I packed it up, pet the cat, and left the room. [By some miracle, one of our cats, Lily, stayed in the room, ears laid back but determined to nap. (Personally, I think she stayed because she knew all the other cats had scattered at the sound of my case opening and she wanted them to leave her alone. As long as I was making a racket, she was safe.)] 🙂
I felt even more depressed and out of sorts than when I started that little musical adventure. I shared this with my husband. He laughed and asked if I really expected to be able to pick up my violin after all this time and just be able to play it.
I paused for a moment and thought, well, yes! Yes, I did! And how crazy and naive that was of me. Playing an instrument – any instrument – takes time to build up muscle memory so that it becomes more natural and my muscle memory is gone! Kaput! I had done absolutely nothing in the last few years to reinforce it.
Muscle memory is defined in Wikipedia as “a form of procedural memory that involves consolidating a specific motor task into memory through repetition. When a movement is repeated over time, a long-term muscle memory is created for that task, eventually allowing it to be performed without conscious effort.” In simpler terms, it is what occurs when you practice a motion over and over until you can do it without thinking.
Musicians do this. It is how they are able to play their instruments with the proper amount of tension and pressure in the body to make the music soft, loud, pizzicato, legato, and so on. Although I have never been an athlete, I imagine they develop this too. How else to throw consistent curve balls, or make a double axle look effortless? Take any activity that requires muscle coordination and strength – riding a bike, lifting weights, knitting, drawing- none of these tasks are easy and smooth the first time you do them. Even walking took us quite a bit of practice to get down at first. 🙂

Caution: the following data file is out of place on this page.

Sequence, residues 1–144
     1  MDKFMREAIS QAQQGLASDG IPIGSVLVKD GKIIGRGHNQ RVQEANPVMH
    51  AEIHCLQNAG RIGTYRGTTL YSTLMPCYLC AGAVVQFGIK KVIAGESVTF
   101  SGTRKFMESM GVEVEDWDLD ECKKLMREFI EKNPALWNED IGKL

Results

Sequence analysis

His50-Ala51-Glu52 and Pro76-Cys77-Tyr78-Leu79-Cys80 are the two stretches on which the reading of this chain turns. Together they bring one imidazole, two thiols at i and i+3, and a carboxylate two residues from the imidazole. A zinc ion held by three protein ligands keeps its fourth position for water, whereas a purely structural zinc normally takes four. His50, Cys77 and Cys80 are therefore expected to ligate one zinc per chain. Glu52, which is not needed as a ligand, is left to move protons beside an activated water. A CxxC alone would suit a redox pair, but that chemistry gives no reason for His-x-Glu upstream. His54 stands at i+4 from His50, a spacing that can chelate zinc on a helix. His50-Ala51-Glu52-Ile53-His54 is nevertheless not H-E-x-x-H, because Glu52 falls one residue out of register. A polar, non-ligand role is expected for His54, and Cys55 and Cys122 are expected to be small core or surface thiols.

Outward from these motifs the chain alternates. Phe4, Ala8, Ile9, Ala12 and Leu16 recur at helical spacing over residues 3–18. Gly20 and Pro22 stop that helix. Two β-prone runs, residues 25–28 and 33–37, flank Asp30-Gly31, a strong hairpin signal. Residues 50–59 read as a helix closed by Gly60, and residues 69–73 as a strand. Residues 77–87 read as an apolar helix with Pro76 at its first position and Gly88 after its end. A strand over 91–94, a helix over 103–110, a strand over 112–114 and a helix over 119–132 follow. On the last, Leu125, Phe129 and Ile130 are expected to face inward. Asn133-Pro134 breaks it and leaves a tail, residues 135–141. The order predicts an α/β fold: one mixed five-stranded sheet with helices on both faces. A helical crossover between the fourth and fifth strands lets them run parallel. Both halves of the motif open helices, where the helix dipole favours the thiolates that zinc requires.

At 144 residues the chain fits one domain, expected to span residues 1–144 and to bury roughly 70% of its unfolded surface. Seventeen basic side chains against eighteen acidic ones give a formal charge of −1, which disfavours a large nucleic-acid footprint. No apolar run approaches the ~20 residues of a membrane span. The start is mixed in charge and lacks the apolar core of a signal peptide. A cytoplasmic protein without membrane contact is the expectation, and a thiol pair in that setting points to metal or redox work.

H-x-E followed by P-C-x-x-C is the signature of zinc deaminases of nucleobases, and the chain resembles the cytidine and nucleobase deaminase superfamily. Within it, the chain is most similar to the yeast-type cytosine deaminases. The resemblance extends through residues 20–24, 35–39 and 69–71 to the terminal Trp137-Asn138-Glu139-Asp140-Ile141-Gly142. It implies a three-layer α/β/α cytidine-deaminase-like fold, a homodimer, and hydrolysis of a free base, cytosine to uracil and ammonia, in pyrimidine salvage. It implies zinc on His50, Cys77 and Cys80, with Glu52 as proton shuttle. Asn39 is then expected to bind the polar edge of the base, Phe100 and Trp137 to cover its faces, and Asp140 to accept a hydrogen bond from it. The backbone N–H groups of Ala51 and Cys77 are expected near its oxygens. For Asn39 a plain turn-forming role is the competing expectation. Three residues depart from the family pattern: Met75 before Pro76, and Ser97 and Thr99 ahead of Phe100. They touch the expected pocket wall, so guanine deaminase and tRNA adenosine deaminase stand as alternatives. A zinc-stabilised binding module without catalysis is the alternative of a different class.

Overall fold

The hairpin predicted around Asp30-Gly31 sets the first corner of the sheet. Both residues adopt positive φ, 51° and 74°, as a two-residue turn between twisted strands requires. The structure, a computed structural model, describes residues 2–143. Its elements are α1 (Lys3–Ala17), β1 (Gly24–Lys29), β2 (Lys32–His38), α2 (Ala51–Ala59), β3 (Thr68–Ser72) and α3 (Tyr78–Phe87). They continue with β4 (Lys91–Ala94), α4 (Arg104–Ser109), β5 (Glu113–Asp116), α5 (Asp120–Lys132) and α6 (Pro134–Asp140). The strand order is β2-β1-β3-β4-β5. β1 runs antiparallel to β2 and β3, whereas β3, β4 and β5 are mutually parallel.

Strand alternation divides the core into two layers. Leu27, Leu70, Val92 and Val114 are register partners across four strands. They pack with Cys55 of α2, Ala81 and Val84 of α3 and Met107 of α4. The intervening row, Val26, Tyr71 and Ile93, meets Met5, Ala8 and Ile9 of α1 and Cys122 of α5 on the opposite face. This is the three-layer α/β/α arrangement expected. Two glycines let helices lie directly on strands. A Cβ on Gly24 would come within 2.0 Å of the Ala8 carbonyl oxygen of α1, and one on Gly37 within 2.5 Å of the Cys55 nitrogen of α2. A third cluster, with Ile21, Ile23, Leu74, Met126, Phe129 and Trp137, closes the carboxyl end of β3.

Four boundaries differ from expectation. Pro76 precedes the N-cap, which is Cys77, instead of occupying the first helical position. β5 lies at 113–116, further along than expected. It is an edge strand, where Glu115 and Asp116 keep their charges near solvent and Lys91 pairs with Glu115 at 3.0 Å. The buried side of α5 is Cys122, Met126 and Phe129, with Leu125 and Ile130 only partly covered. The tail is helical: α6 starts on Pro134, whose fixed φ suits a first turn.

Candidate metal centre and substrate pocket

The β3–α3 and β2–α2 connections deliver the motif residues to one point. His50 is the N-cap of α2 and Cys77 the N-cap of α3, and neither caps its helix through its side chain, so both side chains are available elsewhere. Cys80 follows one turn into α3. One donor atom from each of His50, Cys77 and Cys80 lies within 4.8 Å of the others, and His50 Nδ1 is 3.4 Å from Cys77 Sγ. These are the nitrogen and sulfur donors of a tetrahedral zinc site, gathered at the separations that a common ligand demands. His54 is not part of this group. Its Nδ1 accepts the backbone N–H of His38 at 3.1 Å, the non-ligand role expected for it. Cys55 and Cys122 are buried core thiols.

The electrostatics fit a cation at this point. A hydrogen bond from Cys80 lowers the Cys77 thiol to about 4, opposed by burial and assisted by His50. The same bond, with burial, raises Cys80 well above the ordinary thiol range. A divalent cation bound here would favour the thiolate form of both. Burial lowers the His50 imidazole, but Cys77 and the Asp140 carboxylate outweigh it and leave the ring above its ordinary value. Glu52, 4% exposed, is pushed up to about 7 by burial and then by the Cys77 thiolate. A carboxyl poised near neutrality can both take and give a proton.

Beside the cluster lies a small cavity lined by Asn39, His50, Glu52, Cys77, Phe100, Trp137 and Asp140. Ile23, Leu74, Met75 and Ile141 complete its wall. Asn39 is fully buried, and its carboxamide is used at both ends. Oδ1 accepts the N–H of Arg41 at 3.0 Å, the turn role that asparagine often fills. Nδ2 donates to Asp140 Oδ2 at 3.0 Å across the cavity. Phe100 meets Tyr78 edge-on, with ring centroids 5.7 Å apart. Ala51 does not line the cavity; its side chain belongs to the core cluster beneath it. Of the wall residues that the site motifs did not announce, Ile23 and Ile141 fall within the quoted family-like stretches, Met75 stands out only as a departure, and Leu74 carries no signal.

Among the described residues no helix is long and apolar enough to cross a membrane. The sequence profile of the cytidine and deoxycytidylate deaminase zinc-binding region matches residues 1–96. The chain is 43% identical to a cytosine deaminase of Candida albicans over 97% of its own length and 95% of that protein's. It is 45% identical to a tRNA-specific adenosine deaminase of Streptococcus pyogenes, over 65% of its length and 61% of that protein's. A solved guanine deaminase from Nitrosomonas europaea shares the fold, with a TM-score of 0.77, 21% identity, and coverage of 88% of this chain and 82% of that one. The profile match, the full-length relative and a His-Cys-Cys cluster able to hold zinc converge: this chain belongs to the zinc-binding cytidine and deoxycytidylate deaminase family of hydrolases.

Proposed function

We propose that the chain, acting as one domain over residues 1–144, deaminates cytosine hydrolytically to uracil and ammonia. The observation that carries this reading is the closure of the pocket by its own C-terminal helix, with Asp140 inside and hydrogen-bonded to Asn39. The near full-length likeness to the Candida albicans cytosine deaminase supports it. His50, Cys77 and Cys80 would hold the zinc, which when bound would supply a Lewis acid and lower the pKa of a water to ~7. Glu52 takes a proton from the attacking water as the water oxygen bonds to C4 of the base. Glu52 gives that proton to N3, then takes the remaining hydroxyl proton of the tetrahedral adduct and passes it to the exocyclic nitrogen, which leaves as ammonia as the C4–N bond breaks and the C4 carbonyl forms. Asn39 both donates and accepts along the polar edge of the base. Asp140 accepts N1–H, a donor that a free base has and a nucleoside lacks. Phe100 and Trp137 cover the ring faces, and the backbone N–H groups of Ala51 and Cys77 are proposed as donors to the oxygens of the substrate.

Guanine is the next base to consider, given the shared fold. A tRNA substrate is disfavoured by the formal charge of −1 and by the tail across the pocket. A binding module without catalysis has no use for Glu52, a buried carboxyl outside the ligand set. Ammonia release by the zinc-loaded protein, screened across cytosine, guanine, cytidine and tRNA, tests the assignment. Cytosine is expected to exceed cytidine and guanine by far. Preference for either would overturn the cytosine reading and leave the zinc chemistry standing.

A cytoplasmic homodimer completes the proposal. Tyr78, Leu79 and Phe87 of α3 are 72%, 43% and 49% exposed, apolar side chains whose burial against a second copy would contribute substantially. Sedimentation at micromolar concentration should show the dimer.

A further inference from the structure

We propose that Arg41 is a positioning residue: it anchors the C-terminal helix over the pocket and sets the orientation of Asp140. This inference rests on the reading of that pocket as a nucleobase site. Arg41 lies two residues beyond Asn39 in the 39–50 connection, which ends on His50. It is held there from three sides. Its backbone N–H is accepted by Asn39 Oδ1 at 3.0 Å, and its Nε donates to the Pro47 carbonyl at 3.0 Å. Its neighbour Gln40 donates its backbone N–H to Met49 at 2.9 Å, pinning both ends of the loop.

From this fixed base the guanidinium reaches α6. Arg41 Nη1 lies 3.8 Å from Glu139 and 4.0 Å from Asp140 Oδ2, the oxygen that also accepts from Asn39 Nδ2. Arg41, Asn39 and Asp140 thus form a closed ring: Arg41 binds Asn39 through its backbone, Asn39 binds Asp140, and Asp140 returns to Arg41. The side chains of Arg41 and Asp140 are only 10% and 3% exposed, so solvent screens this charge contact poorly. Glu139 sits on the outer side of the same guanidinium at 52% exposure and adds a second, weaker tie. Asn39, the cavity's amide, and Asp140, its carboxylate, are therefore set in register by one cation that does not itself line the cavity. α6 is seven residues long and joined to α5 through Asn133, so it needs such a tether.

Any time you take a large chunk of time away from any of these activities your muscle memory gets lazy. You are not exercising it and strengthening it. Just like an ice skater who doesn’t get out on the ice for a few years, your muscles will be weak. It will take time to build up that strength again. It will take time for my fingers to remember where to go and what to do. It will take time for my arms and shoulders and neck and jaw to adjust again to supporting a violin.
The same is true for writing. The muscles in this case are in the brain. It takes time to build up your ability to focus and create. And if you step away for a while, you need to give yourself time to relearn the skills. One of the things that drives new writers away is that belief that they will be able to sit down the first time and write a masterpiece. But it takes practice to make dialogue flow, and characters come to life. We cannot expect it to happen the first time we sit down, or the first time we sit down after a long absence. We have to train ourselves – mind and body – to be able to sit for long periods of silence and solitude and spill our words out onto the page. It can be exhausting, but the reward is huge.
I am hoping that my muscle memory with the violin comes back to me quickly. I know it will take practice and time and focus, just like my writing. But if I am passionate about it, it will come to me. I will no doubt never play Carnegie Hall no matter how much I practice, but I know that the reward for me, mentally, will be huge. 🙂